Access to Health Services for People with Learning Disabilities – Patient Experience Report

Report date:
February 9, 2016
Access to Health Services for People with Learning Disabilities – Patient Experience Report

By law, under the Equality Act 2010, all health services are required to make reasonable adjustments to make sure they are accessible to all. This duty requires organisations and services to anticipate the needs of disabled people and, where possible, make adjustments to provide the same level of service as for non-disabled patients.

There are three different things organisations may need to do to make it easier for people to access or receive services. This includes changing the way things are done (e.g. allowing longer appointment time at the GP/dentist); changing a physical feature (e.g. installing a ramp or widening doors) or provide an extra aide or service (e.g. provide hearing induction loop or information in large print, braille or providing a BSL translator).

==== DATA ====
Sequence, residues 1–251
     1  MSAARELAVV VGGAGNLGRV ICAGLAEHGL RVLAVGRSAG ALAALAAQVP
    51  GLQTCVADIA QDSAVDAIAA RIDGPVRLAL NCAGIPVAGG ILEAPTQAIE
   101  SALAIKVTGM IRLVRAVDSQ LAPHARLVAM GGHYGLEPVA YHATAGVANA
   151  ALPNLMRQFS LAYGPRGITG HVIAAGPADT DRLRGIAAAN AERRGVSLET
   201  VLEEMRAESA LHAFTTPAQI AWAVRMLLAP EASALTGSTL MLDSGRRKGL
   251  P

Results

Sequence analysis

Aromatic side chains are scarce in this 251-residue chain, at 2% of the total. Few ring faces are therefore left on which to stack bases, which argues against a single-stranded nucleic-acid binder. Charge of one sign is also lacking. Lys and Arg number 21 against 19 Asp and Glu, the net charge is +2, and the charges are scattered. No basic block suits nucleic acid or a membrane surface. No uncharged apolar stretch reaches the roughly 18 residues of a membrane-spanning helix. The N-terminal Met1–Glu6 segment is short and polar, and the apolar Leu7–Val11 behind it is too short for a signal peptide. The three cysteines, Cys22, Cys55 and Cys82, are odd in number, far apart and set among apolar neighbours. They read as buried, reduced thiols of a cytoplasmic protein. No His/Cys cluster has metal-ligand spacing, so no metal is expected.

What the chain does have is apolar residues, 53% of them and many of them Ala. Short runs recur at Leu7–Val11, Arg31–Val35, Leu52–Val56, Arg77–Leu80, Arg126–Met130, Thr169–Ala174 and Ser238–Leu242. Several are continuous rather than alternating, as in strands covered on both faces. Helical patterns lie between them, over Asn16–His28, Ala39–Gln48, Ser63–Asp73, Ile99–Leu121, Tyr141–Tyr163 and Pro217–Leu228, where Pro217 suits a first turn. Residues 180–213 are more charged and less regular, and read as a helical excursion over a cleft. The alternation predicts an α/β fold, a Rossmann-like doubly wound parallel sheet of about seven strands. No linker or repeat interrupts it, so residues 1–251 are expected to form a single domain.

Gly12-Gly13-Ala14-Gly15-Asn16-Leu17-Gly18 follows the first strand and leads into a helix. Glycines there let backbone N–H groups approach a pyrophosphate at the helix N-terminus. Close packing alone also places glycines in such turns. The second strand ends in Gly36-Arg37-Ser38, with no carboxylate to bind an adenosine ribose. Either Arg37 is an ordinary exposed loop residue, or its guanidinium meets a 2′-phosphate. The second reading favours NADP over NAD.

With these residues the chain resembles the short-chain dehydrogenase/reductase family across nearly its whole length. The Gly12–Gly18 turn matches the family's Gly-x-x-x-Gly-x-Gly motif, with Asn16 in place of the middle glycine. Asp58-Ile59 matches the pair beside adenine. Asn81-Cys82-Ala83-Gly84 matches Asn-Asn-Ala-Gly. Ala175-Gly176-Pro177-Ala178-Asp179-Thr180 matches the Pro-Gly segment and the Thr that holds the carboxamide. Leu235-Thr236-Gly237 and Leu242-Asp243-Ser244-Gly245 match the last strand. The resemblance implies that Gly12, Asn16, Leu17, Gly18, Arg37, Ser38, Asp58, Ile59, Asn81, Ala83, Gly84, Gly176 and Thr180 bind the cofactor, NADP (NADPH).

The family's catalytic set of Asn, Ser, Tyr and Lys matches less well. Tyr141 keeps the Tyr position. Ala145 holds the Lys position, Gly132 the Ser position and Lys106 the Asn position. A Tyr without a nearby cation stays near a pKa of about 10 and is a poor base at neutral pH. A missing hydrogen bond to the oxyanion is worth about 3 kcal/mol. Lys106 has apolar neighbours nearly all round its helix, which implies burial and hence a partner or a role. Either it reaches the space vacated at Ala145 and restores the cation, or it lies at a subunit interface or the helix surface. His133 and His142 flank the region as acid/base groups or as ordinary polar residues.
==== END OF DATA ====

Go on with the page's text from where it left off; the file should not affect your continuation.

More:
The onus is on the service to remove or reduce factors which may mean that people with Learning Disabilities do not receive health services which are as good as other people.

The primary focus of this work was collecting the experiences people with a learning disability have when accessing health services in particular doctors, dentists and hospitals, and capturing sufficient detail to ensure that this feedback would be useful to service providers. The report also features more general comments, likes, dislikes and ideas for improvement that cannot be attributed to a specific service. These findings are all organised under appropriate headings at the end of the findings section of the report.

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